Previewed 16 December 2014, Opened 14 January 2015, Closed 8 January 2017 at the King's Cross Theatre in London
The return of the York Theatre Royal site-specific stage production of Edith Nesbit's The Railway Children at King's Cross Station.
The moving story of Bobby, Peter and Phyllis - three children whose lives change dramatically when their father is mysteriously taken away. They move from London to a cottage in rural Yorkshire with their mother where they befriend the local railway porter and embark on a magical journey of discovery, friendship and adventure. But the mystery remains - where is Father, and is he ever coming back?
Edith Nesbit's The Railway Children was originally serialised in The London Magazine during 1905 and was first published in book form in 1906. It has been adapted for film a number of time, although the best known version was the 1970 film directed by Lionel Jeffries which stared Jenny Agutter, Sally Thomsett and Bernard Cribbins. Now, following two successful London seasons at the former Eurostar terminal at Waterloo Station in 2010 and 2011, Damian Cruden's production of Mike Kenny's stage adaptation of Edith Nesbit's novel returns to London at a specially constructed 1,000 seat theatre at King's Cross Station and will once again feature a live 60-tonne steam locomotive and Gentleman's Carriage, utilising the real life railway track and platforms, along with a state of the art heating system.
The auditorium, created especially for this production, is built with the audience seated on either side of the railway track - on either PLATFORM ONE or PLATFORM TWO, with the action taking place both on the track and on the platforms either side. This production uses the old Gentleman's saloon carriage from the original classic film as well as a period steam train from the National Railway Museum in York.
When this production opened at the King's Cross Theatre in January 2015, Ben Lawrence in the Daily Telegraph highlighted that "the staging is magnificent, and director Damian Cruden skilfully weaves the haphazard plot through a complex sequence of moving stages. The much-publicised steam train is a sturdy, shiny green beast; it's a gimmick, but it's an irresistible one." Neil Norman in the Daily Express thought that "whether you know the story from the novel or Lionel Jeffries' film this extraordinary production is bound to deliver satisfaction... absolutely ripping." Dominic Maxwell in the Times wrote that "while it remains solid entertainment, it lacks the phenomenal charm that blew me away last time... this remains a good family show, but on this evidence it's no longer the wonder that once made me urge unaccompanied adults to see it." William Moore in the London Evening Standard praised "Damian Cruden's delightful production," adding that "the show's greatest success is that, even at two hours long, the very youngest in the auditorium were fully on board with the story. Full steam ahead, then." Sarah Hemming in the Financial Times described how "there's great warmth and heart to this staging. Mike Kenny's script is light on its feet and peppered with droll asides and Damian Cruden's production is fluent and witty, emphasising the tight bond between the children." Annalee Mather in the Independent noted how "one cannot fail to engage with the excellent staging and spectacle of Cruden's telling of the children's classic but the strength of characters portrayed by Nesbit lose on the night against the manufactured might of a steam engine."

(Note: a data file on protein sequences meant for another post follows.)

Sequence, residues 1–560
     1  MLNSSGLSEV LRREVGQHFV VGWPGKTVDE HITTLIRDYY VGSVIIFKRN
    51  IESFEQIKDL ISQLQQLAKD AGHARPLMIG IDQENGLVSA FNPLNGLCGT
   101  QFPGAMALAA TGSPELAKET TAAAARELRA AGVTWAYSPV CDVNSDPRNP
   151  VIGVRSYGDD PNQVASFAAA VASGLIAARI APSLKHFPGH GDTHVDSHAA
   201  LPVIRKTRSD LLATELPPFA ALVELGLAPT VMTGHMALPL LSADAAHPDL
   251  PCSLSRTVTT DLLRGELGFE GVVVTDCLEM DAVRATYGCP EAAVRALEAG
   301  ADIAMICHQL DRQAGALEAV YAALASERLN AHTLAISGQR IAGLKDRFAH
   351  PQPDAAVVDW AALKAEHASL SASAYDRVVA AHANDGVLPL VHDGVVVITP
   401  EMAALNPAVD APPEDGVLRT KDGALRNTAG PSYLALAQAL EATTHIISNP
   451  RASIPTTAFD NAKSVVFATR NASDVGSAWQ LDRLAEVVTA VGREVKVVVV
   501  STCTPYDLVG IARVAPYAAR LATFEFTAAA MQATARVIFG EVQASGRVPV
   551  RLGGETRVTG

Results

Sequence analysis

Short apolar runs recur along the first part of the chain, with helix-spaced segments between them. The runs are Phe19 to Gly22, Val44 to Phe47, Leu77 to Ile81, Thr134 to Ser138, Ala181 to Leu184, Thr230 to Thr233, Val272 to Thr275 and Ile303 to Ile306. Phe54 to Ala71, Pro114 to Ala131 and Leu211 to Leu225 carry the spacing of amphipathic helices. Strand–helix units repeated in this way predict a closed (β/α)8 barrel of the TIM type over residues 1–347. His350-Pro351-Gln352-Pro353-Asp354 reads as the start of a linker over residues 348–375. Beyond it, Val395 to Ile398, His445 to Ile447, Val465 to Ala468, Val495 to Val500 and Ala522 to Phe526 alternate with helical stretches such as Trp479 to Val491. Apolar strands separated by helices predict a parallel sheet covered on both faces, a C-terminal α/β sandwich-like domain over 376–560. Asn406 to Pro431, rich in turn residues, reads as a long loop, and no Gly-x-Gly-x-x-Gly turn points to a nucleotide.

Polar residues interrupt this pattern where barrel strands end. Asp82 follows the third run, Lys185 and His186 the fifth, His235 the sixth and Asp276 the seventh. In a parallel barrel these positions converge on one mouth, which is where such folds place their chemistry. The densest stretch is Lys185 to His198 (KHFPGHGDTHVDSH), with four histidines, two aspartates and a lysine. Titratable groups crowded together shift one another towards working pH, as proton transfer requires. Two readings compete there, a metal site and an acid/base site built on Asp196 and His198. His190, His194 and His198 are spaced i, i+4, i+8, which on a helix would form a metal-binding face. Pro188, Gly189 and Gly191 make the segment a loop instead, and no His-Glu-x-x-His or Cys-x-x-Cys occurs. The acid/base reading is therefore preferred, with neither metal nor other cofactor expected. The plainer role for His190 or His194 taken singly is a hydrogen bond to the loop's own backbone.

"Both adults and children are well served by Mike Kenny's skilful adaptation of Edith Nesbit's classic novel. Kenny's masterstroke is to have the story narrated and re-enacted by the railway children themselves some years after the event, thus retaining Nesbit's tone, with its typical Edwardian blend of sententiousness and sentimentality, and the children's ingenuous charm. Cruden's neat traverse staging, in which Joanna Scotcher's sets roll fleetly along the rails, has a fluid, dreamlike quality that gives equal weight to the children's adventures and the father's wrongful arrest." The Sunday Express